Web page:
Why is my upper eyelid swollen?
The most common cause of eyelid swelling is allergies, either by direct contact with the allergen (such as animal dander entering your eye) or from a systemic allergic reaction (such as a food allergy or hay fever). If one eyelid is swollen, a common cause is a chalazion, an obstructed gland along the rim of an eyelid.
Can swollen eyelids be serious?
“Any swelling that lasts longer than 24 to 48 hours should send you to an eye care professional because there are times it can be something severe that can blind you,” says ophthalmologist Annapurna Singh, MD. There are several reasons why you might see swelling in your eyes or eyelids.
What can you do for a swollen eyelid?
Apply ice or a cold pack wrapped in a clean, wet washcloth to the eye for 15 to 20 minutes at a time to decrease eyelid swelling and pain. You can safely give your child an allergy medicine or antihistamine by mouth. This will help to decrease eyelid swelling and itching. Benadryl every 6 hours or so is best.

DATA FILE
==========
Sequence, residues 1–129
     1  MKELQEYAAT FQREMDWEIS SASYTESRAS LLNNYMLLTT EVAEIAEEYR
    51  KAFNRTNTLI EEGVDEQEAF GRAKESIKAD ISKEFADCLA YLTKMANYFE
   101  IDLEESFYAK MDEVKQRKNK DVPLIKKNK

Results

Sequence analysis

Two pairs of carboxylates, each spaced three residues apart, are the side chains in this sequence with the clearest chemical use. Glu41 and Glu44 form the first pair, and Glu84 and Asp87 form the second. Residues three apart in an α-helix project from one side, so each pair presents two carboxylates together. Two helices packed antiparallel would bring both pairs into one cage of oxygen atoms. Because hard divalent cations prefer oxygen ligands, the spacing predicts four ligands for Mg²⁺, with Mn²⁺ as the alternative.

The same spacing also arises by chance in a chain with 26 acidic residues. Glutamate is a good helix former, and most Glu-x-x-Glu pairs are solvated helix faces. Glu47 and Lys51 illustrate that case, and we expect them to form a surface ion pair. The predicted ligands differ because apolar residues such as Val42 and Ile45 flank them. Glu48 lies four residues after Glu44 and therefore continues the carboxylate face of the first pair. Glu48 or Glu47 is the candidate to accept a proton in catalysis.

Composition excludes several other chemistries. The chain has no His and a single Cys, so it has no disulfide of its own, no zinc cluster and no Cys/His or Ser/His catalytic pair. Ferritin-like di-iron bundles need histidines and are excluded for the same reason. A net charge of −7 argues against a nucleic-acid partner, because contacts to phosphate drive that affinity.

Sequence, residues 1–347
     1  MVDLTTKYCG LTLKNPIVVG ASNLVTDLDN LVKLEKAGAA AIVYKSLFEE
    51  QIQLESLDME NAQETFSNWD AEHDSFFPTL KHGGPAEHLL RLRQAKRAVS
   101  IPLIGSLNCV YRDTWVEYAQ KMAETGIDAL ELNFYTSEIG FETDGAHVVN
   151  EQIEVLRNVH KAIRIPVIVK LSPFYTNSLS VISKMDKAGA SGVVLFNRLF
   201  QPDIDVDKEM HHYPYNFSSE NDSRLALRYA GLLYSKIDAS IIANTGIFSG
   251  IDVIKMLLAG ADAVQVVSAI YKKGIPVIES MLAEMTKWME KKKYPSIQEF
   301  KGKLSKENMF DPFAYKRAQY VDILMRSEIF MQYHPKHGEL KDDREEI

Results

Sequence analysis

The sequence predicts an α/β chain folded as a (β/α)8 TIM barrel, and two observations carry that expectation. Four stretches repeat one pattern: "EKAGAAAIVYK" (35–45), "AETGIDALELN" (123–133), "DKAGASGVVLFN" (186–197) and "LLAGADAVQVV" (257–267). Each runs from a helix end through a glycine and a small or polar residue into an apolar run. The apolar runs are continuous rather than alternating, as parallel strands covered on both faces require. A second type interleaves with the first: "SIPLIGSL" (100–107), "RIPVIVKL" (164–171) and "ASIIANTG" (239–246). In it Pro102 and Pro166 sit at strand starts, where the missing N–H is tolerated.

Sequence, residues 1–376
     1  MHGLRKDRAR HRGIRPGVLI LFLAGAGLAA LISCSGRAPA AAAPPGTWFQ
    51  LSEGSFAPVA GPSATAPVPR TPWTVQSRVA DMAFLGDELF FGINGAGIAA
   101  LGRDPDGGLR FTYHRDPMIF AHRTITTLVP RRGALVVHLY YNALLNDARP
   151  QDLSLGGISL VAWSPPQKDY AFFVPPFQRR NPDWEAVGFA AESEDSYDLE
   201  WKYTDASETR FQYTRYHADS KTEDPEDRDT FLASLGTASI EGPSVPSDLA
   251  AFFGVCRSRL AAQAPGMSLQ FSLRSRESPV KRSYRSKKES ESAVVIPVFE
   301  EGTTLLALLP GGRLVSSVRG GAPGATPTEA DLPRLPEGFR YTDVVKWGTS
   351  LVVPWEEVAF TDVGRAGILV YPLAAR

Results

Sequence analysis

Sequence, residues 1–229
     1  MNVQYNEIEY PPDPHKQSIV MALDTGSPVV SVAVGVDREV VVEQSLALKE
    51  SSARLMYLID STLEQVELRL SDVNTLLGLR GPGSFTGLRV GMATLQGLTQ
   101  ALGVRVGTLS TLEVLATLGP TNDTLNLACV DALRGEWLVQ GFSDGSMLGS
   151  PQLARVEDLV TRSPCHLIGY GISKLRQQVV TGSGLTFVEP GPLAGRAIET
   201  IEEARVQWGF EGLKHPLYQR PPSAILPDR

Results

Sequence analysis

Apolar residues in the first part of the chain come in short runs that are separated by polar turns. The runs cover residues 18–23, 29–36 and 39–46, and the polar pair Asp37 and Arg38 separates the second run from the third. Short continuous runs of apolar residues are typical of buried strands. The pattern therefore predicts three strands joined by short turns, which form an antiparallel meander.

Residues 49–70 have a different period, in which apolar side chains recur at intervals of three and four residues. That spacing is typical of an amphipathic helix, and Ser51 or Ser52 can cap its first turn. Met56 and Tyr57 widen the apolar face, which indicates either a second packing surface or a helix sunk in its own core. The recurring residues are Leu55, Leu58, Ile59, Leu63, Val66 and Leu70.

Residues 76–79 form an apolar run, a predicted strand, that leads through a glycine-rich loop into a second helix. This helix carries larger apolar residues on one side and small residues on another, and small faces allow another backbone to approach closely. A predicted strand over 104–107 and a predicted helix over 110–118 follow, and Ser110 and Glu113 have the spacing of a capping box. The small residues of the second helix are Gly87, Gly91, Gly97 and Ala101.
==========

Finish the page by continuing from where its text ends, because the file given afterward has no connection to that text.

What is a chalazion of the eyelid?
A chalazion is a red bump on your eyelid. It is sometimes called an eyelid cyst or a meibomian cyst. It slowly forms when an oil gland (called a meibomian) becomes blocked. At first, the chalazion may be painful, but after a little time, it usually doesn’t hurt.
Are swollen eyes a symptom of the flu?
Viral sore throat, sinus infection, and influenza are examples of conditions that may cause these symptoms. Upper respiratory conditions may affect the eyes and lead to redness, puffiness, or watering eyes. Keep track of your symptoms.
What could cause swelling under just one eye?
An eye infection can cause under-eye swelling in one or both eyes. You can have an infection in the eye or eyelid. The infection and swelling will usually happen in one eye first, but can quickly spread to the other eye. Avoid touching or rubbing your eye.
How do you know if your eyelid is infected?
You may notice problems like:
- Pain or discomfort.
- Itchy eyes.
- Feeling that something’s on or in your eye.
- Eye hurts when it’s bright (light sensitivity)
- Burning in your eyes.
- Small, painful lump under your eyelid or at the base of your eyelashes.
- Eyelid is tender when you touch it.
- Eyes won’t stop tearing up.